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Original Contribution
April 28, 2010

Coronary Artery Calcium Score and Risk Classification for Coronary Heart Disease Prediction

Author Affiliations

Author Affiliations: Department of Preventive Medicine, Northwestern University, Chicago, Illinois (Drs Polonsky and Greenland); Department of Biostatistics, University of Washington, Seattle (Dr McClelland and Mr Jorgensen); Division of Cardiovascular Sciences, National Heart, Lung, and Blood Institute, Bethesda, Maryland (Dr Bild); Division of Public Health Sciences, Wake Forest University School of Medicine, Winston-Salem, North Carolina (Dr Burke); and St Francis Hospital, The Heart Center, Roslyn, New York (Dr Guerci).

JAMA. 2010;303(16):1610-1616. doi:10.1001/jama.2010.461
Abstract

Context The coronary artery calcium score (CACS) has been shown to predict future coronary heart disease (CHD) events. However, the extent to which adding CACS to traditional CHD risk factors improves classification of risk is unclear.

Objective To determine whether adding CACS to a prediction model based on traditional risk factors improves classification of risk.

Design, Setting, and Participants CACS was measured by computed tomography in 6814 participants from the Multi-Ethnic Study of Atherosclerosis (MESA), a population-based cohort without known cardiovascular disease. Recruitment spanned July 2000 to September 2002; follow-up extended through May 2008. Participants with diabetes were excluded from the primary analysis. Five-year risk estimates for incident CHD were categorized as 0% to less than 3%, 3% to less than 10%, and 10% or more using Cox proportional hazards models. Model 1 used age, sex, tobacco use, systolic blood pressure, antihypertensive medication use, total and high-density lipoprotein cholesterol, and race/ethnicity. Model 2 used these risk factors plus CACS. We calculated the net reclassification improvement and compared the distribution of risk using model 2 vs model 1.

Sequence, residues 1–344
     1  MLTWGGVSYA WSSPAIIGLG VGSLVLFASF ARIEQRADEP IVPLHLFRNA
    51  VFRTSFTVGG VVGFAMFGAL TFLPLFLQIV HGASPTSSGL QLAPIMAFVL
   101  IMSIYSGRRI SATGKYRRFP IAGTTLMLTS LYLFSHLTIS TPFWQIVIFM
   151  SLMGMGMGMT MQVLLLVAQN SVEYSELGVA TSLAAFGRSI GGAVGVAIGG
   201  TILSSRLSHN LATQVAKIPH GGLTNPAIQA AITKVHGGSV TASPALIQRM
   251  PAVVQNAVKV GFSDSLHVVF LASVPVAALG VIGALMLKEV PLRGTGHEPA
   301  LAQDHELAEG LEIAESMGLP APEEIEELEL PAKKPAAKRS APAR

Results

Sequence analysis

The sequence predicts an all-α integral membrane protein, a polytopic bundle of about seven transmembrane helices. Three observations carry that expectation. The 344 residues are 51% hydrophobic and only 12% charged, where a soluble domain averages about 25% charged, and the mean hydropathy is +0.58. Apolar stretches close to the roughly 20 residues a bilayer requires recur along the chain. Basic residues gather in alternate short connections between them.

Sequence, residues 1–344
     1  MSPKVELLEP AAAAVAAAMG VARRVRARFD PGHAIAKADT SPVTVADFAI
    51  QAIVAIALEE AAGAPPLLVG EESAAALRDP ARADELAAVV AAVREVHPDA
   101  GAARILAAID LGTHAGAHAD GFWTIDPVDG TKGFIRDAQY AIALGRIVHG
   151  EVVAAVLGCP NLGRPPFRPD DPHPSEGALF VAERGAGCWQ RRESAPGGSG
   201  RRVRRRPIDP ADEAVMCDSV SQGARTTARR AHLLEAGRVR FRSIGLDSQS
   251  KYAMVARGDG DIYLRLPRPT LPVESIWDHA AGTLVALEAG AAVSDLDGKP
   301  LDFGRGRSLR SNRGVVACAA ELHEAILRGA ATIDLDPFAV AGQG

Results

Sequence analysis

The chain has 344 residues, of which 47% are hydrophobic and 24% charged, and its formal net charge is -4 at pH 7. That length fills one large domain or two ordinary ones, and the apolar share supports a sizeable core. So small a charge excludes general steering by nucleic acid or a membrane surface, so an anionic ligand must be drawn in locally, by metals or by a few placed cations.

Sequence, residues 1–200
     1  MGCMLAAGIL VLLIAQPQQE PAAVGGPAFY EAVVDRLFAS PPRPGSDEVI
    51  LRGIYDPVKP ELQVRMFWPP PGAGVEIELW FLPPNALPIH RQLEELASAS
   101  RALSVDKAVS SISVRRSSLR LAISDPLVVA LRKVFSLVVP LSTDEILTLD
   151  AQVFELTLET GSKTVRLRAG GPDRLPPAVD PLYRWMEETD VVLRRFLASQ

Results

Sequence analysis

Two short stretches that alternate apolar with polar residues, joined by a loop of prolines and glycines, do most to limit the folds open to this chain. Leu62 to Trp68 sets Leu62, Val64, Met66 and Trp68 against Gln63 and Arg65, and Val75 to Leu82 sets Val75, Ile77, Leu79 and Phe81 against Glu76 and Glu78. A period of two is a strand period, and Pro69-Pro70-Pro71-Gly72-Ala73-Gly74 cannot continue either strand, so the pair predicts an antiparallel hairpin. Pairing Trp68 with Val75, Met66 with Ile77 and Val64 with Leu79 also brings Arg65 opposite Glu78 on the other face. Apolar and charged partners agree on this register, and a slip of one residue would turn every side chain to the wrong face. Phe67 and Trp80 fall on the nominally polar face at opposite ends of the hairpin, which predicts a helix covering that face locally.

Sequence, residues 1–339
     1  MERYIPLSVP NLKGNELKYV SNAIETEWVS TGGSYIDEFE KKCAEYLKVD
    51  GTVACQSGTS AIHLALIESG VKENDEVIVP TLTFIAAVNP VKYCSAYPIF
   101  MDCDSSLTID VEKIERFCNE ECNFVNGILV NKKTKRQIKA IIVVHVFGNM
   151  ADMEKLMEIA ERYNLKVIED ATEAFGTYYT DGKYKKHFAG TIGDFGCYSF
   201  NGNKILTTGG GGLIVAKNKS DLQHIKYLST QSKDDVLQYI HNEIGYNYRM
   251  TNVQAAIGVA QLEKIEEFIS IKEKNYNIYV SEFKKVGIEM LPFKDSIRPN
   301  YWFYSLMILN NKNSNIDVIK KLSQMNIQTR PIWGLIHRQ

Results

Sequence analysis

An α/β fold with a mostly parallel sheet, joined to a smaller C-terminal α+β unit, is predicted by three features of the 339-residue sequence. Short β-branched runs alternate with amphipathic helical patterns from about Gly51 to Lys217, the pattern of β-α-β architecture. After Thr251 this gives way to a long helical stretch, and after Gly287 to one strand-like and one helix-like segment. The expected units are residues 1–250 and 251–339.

Main Outcome Measures Incident CHD events.

Results During a median of 5.8 years of follow-up among a final cohort of 5878, 209 CHD events occurred, of which 122 were myocardial infarction, death from CHD, or resuscitated cardiac arrest. Model 2 resulted in significant improvements in risk prediction compared with model 1 (net reclassification improvement = 0.25; 95% confidence interval, 0.16-0.34; P < .001). In model 1, 69% of the cohort was classified in the highest or lowest risk categories compared with 77% in model 2. An additional 23% of those who experienced events were reclassified as high risk, and an additional 13% without events were reclassified as low risk using model 2.

Conclusion In this multi-ethnic cohort, addition of CACS to a prediction model based on traditional risk factors significantly improved the classification of risk and placed more individuals in the most extreme risk categories.

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